- Place the crisp in the oven and bake for 20 minutes, then remove it from the oven and lightly cover it with aluminum foil to protect it from over-browning. Return to the oven and bake for an additional 10-15 minutes or until the topping is lightly golden and the filling is hot and bubbly. Remove, let cool, then serve warm topped with ice cream or Greek yogurt.
- TO STORE: Cover the crisp, and store it in the refrigerator for up to 3 days.
- TO REHEAT: Rewarm leftovers in the oven at 350 degrees F until hot. You can also reheat this recipe in the microwave, though the oven does a better job crisping the topping back up.
- TO FREEZE: Store peach crisp in an airtight, freezer-safe storage container for up to 3 months. Let thaw overnight in the refrigerator before reheating.
- RECIPE VARIATION: You can also make this recipe with plums, cherries, blueberries, or a mix!
- TO MAKE GLUTEN FREE: Use a 1:1 baking blend like this one.
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Here are more of my favorite fresh summer peach recipes:
Breakfast & Brunch
Topping too dry for my taste-the oats wanted to stick to my mouth/throat. May try again with more oil or butter.
I’m sorry this recipe wasn’t to your tastes, Marilyn. I (and many other readers) have truly enjoyed it, so I wish you would’ve too!
So dry. I wasted beautiful peaches for this and it makes me sad.
I’m sorry you to hear had trouble with the recipe, Katherine. I know it’s frustrating to try a new recipe and not have it turn out. I (and many other readers) have enjoyed them, so I really wish they would’ve been a hit for you too! It’s hard to say what went wrong without being in the kitchen with you.
I love this peach crisp! I especially like how it is not overly sweet as are many crisps. The tartness of the peaches is complemented by the honey, coconut oil and nutmeg with the oat topping adding crunch but not sugary sweetness. I served it warm with a dollop of Chobani vanilla greek yogurt. Delicious!!
Hi Gayle! So glad you enjoyed the recipe! Thank you for this kind review!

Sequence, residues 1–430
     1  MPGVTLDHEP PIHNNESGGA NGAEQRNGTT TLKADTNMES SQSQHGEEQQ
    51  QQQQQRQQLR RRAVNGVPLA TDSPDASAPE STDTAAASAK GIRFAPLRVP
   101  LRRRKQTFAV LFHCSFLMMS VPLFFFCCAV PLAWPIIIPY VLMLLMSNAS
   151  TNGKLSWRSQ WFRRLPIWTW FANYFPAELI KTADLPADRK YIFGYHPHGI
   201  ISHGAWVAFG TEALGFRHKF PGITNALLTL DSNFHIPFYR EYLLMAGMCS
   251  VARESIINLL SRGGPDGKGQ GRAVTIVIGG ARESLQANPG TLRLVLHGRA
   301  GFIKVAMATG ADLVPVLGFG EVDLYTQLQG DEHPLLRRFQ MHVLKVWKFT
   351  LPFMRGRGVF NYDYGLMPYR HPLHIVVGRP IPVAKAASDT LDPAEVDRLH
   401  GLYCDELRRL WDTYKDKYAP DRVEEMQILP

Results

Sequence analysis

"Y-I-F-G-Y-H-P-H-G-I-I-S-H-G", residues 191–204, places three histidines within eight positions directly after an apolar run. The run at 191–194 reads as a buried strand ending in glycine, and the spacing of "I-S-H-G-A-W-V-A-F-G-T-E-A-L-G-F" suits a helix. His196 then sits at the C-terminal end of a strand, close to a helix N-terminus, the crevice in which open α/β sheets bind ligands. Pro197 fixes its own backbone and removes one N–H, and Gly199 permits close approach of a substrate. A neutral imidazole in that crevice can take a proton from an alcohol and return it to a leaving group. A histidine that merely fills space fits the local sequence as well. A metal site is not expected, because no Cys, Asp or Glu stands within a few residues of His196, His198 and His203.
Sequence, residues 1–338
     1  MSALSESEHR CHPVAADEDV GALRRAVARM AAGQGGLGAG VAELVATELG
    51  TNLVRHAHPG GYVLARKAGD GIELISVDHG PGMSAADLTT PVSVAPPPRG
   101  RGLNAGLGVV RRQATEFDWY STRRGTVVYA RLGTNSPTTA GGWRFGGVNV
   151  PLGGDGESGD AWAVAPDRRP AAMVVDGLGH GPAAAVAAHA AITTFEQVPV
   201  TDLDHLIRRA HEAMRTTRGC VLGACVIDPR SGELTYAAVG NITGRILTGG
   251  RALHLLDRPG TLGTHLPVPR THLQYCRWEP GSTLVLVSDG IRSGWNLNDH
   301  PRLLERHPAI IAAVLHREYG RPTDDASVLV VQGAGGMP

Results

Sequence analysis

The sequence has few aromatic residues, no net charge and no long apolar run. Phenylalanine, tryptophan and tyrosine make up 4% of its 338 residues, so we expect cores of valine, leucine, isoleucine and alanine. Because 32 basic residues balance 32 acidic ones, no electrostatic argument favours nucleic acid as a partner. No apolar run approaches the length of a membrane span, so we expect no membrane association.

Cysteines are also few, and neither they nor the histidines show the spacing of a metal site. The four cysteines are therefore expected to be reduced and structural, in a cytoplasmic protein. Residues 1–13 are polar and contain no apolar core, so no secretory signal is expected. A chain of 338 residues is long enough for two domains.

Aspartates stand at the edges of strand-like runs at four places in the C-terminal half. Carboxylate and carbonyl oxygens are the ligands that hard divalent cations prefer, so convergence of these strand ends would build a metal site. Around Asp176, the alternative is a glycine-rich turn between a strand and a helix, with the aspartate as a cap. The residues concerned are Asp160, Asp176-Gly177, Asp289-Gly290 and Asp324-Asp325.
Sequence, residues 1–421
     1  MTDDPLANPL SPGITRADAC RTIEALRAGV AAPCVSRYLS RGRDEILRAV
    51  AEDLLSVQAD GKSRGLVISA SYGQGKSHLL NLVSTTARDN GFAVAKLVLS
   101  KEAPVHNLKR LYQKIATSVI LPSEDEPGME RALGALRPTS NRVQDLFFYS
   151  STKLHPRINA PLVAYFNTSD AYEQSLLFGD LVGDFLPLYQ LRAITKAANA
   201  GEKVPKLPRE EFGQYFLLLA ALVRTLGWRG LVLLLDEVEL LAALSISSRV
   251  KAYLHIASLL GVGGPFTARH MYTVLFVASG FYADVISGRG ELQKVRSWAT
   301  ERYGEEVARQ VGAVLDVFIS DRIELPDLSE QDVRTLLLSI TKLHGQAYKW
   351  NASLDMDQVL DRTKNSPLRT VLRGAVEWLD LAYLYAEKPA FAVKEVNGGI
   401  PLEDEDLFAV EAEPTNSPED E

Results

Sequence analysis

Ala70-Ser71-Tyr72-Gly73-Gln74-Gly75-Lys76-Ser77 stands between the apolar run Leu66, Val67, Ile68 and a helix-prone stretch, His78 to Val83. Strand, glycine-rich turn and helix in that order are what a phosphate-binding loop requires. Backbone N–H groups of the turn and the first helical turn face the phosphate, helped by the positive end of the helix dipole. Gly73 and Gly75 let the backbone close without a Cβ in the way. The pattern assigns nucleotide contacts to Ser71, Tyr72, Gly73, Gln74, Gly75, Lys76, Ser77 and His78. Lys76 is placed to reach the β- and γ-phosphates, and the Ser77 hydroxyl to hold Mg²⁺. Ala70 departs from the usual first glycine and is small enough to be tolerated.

Taste was great- I used half blueberries and half fresh peaches. I would say the topping is very tasty but i would cut the salt in half next time ( I am a salt lover but it was a little too much) Also I am not sure if by using blueberries it decreased my “juicing” or if the amount of flour was just too much. Also i would in the future likely only use 1/2 to 2/3 the amount of topping as it formed a ” crust effect” due to the thickness. I did increase the butter as it mixed so dry. The Nuts were an awesome addition. Topping with Vanilla Ice Cream a Must in my opinion as it added some moisture and well: Who doesn’t like Ice-cream or an equivalent on a warm crumble ! Thanks- loved the honey will try again with Modifications.
Hi April, did you use table salt or kosher salt when making this? Glad you enjoyed the taste!
My boys and I had a wonderful time making and eating this. Absolutely delicious! I used coconut oil with the butter. Such a great way to get fiber in. Yummmmmm
Hi Amy! So glad you enjoyed the recipe! Thank you for this kind review!
You’re just awesome, Erin.
Thank you Liz!
I used four cans of Peaches (two with juice, two with heavy syrup), gently drained and diced. It was wonderful. The topping was a bit dry so I drizzled some melted butter on top once out of the oven. I probably could have left more juice with the Peaches, because I like it a bit thin. I will definitely make this again.
HI Cynthia! Thanks for the feedback!
Delicious. I changed the flour for almond flour in both the topping and the filling. I used Agave in place of the honey. It was wonderful. Had alot of peaches so I doubled it. Topped it with whipped cream.
Hi Misty! So glad you enjoyed the recipe! Thank you for this kind review!
topping too dry….peaches coated with gummy flour…icky.
I’m sorry you to hear had trouble with the recipe, Melissa. I know it’s frustrating to try a new recipe and not have it turn out. I (and many other readers) have enjoyed them, so I really wish they would’ve been a hit for you too!
This recipe drove me nuts. It would be so much easier if the whole recipe was in one place without directions with pictures in between. I often have to scroll back and forth to read how much of each ingredient goes in next and when there are pictures in between, or just text that is basically unrelated, well it is beyond frustrating. Of course, if I printed the recipe, it would somewhat alleviate that problem, but it would be pages long.
As for the recipe, it was very good, peach part was perfect, but I found the topping to be a bit heavy, tasty , but more than needed. If I make this again I would use maybe half the amount of topping.
Hi Gayle, this recipe actually prints in just two pages and you can select it without images. Did you see the full recipe in the recipe card or are you talking about my more detailed instructions written in the blog post? Glad you enjoyed it!
I tried this during the summer and got addicted to it!!! What a great combination of flavours. I am so disappointed that peach season is now over. So, I am wondering; can this be made with canned peaches, perhaps after draining the syrup from them?
Hi Fran! Proceed with caution. I haven’t tried making peach crisp with canned peaches yet, but I think you could experiment in a pinch. Note that the crisp won’t be as fresh-tasting as if you use fresh or frozen and the filling will be much softer. For best results, try peaches packed in pure fruit juice (versus syrup) and drain them first. If your canned peaches are in syrup, however, I suggest reducing the honey in the filling, since they will be sweeter. If you decide to play around with canned peaches, I’d love to hear how it goes!